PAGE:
The Early Middle Ages (476-1000 CE) is generally known as the late medieval period. During this era, a number of achievements made the Western nations grow a great deal. To begin with, the rise of Islam is a significant occurrence whose effects are still evident in historical records. Another development that also borders on religion is the translation of the Bible to Latin. This step was particularly important in spreading the gospel to the interior parts of the western world. It is equally important to mention that by Early Middle Ages, a culture of urban life had begun to manifest itself. According to Christie and Loseby, the initial development of industries and urban centers had started swaying hundreds of human resources to the town centers to offer labor in the factories (98). In the field of science, the study of nature was given more attention than any other discipline. The effect of this on Western Civilization is that it helped in the development of the study of heavenly bodies as an embodiment of science and geography. Although this period is characterized by limited libraries, educational curiosity and the quest for knowledge is traceable to this era. It initiated the curiosity in research thus advancing the western world through scholarly research and publications.
During the High Middle Ages (1000-1300 CE), the many developments made were improvements form the Early Ages. By way of example, trade and commerce developed after urban centers had concentrated people for business reasons. As Cronin et al. note, this period is further characterized by development such as the invention of the spinning wheel that improved transport industry in the Western world (24). It further helped in the development of agriculture especially in the processing of natural and synthetic fibers. Other related aspects include the magnet compass and Arabic numerals. These innovations have traversed the world and increased the literacy levels both in the western countries and other parts of the world. Cronin et al. stress that paper manufacture immensely developed education and research in the Western World (24). Perhaps this is the reason for great research skills in the region.
The late Middle Ages (1300-1500 CE) is the sixth period whose civilization cannot be overlooked. This period proceeded the early modern era otherwise known as Renaissance in Europe. Of particular attention is the development of world literature in the late Middle Ages (1300-1500 CE) due to advancement in education and paper manufacturing technology. This was a period that experienced transformed art through music and literature (Konishi 167). Expression of both secular and spiritual life was made possible through music and art. The effect this had on the civilization of western nations is the expansion of recreational facilities that the present economy has taken to advanced levels. Linked to this is the formation of theatre groups and acting in arenas. From this period, literature found its expressive nature through theatric performances. It is at this point that many writers began to write different forms of plays such as comedy, tragicomedy, farce, and melodrama that are crafted to be staged in theatres. As literature and theater improved, philosophy, science, and history also advanced. These impacted the curriculum of the Western nations as the quest for knowledge increased.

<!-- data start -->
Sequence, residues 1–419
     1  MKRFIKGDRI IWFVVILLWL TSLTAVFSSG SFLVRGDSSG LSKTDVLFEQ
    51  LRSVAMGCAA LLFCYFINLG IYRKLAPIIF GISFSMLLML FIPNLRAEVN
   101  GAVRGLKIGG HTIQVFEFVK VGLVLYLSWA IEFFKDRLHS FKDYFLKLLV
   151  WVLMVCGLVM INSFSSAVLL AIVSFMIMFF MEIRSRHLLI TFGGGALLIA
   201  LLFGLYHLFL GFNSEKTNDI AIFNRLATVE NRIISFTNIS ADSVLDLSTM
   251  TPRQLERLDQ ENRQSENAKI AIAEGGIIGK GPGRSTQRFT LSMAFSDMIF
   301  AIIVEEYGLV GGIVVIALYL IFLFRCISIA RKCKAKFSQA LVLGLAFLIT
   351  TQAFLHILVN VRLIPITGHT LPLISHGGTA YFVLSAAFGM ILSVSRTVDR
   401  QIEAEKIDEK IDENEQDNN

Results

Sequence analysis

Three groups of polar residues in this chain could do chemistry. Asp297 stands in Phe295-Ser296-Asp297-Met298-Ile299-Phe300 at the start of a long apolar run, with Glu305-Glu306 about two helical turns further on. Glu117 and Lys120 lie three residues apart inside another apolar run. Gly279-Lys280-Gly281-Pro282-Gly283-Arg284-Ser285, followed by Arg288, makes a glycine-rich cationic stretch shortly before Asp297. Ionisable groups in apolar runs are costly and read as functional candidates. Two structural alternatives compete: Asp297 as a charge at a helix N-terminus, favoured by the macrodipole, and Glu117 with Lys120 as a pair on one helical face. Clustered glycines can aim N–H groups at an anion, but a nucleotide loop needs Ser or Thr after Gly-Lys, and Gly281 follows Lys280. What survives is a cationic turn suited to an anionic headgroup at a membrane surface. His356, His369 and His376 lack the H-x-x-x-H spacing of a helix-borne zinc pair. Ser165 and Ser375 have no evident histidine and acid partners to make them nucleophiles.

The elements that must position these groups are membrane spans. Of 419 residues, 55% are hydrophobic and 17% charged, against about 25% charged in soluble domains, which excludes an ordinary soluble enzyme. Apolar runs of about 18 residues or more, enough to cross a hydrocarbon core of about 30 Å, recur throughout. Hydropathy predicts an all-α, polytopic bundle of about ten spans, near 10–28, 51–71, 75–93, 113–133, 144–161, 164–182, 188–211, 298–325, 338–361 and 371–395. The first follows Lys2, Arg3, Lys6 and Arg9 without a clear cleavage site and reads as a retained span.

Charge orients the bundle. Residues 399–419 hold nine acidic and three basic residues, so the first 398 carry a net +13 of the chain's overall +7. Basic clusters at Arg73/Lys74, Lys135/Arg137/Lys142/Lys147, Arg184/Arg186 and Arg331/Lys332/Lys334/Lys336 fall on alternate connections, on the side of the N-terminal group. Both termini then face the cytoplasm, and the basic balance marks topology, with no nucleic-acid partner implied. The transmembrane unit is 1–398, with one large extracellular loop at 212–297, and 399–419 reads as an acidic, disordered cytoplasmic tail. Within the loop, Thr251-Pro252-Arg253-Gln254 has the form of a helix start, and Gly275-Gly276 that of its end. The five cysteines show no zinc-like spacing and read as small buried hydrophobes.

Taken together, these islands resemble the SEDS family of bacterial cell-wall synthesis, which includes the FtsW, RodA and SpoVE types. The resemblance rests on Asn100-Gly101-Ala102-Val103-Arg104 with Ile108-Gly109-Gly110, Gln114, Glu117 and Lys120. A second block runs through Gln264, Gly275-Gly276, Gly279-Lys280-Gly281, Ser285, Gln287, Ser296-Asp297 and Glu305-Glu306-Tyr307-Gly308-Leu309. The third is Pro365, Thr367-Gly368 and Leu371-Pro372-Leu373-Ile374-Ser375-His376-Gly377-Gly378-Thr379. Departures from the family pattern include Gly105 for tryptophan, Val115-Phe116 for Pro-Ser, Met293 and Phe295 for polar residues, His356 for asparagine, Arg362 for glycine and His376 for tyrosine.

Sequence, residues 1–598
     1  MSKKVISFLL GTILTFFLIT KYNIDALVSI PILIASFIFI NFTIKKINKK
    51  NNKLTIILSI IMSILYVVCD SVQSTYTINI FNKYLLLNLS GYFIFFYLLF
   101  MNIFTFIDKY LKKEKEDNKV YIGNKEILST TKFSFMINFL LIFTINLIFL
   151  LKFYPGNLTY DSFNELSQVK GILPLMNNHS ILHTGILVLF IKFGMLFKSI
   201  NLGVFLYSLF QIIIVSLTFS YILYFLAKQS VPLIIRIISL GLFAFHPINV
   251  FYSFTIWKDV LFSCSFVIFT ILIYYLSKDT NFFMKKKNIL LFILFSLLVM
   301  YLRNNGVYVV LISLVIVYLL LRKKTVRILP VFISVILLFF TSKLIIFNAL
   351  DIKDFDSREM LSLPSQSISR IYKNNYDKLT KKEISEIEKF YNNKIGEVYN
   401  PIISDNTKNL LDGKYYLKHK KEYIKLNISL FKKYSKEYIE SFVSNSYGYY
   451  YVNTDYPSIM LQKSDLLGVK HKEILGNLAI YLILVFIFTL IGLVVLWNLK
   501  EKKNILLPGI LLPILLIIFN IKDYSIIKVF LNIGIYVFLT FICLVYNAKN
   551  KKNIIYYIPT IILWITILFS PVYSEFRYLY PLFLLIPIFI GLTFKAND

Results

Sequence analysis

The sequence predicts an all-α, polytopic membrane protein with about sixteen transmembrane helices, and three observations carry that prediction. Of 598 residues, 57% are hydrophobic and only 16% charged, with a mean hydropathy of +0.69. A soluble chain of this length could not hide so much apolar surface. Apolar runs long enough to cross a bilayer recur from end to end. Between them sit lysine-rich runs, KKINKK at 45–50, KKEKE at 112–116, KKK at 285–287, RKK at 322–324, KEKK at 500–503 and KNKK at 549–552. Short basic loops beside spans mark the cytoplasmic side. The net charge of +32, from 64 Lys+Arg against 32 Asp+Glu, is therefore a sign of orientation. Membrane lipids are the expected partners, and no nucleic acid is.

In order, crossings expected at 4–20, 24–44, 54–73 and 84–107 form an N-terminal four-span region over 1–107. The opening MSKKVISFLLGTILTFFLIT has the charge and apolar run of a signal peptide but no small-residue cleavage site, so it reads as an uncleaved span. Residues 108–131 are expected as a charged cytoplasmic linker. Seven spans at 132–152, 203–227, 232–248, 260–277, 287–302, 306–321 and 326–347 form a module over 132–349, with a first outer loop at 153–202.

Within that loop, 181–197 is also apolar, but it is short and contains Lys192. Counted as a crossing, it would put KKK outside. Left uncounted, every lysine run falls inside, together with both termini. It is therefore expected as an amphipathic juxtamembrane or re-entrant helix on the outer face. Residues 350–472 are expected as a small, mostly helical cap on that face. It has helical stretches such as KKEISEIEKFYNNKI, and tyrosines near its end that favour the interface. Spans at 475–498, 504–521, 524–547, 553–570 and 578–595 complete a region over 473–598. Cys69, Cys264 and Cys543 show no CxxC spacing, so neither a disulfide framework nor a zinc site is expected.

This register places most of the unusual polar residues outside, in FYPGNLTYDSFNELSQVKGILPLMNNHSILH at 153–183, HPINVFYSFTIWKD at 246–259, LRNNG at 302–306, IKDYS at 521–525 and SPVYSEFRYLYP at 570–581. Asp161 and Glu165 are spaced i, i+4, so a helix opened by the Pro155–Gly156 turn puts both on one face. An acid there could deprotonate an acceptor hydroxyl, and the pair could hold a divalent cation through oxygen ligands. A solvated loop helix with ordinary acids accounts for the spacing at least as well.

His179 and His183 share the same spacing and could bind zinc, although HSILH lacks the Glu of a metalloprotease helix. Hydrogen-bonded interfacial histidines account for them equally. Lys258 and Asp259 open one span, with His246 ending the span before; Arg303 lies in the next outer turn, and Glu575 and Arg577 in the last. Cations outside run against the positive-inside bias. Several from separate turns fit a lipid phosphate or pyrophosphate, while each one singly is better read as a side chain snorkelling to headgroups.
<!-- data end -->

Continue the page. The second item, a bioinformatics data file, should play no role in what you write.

In conclusion, the essay has investigated the six major periods of Western Civilization. It is evident that each of these periods has directly influenced the advancements of these nations. Further, other parts of the world have also greatly benefited from what was initiated by these civilizations. The essay has identified certain areas such as agriculture, writing, science, mathematics, commerce and literature among other things. It is therefore important for historians to dig deep into the archives to trace the development of various technologies that have shaped the world. It also revealed that most of these contributions have been modified to meet the needs of every generation.
- Blundell, Sue. Women in ancient Greece. Harvard University Press, 1995.
- Christie, Neil, and Simon T. Loseby, eds. Towns in transition: urban evolution in Late Antiquity and the Early Middle Ages. Scolar Press, 1996.
- Cronin, Thomas M., et al. “Medieval warm period, little ice age and 20th century temperature variability from Chesapeake Bay.” Global and Planetary Change 36.1 (2003): 17-29.
- Konishi, Jin’ichi. A History of Japanese Literature, Volume 3: The High Middle Ages. Vol. 3. Princeton University Press, 2014.
- McMichael, Anthony J. “Global climate change and health: an old story writ large.” Climate change and human health: Risks and responses. Geneva, Switzerland: World Health Organization (2003).
- Scheidel, Walter. Rome and China: comparative perspectives on ancient world empires. Oxford University Press, 2009.
Offered for reference purposes only.